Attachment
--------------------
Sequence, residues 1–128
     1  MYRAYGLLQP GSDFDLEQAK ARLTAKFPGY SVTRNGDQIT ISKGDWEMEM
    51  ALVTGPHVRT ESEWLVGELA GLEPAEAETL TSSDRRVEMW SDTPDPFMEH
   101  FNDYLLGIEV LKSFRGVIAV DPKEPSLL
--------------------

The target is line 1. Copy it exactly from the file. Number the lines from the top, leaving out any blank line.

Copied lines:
Sequence, residues 1–128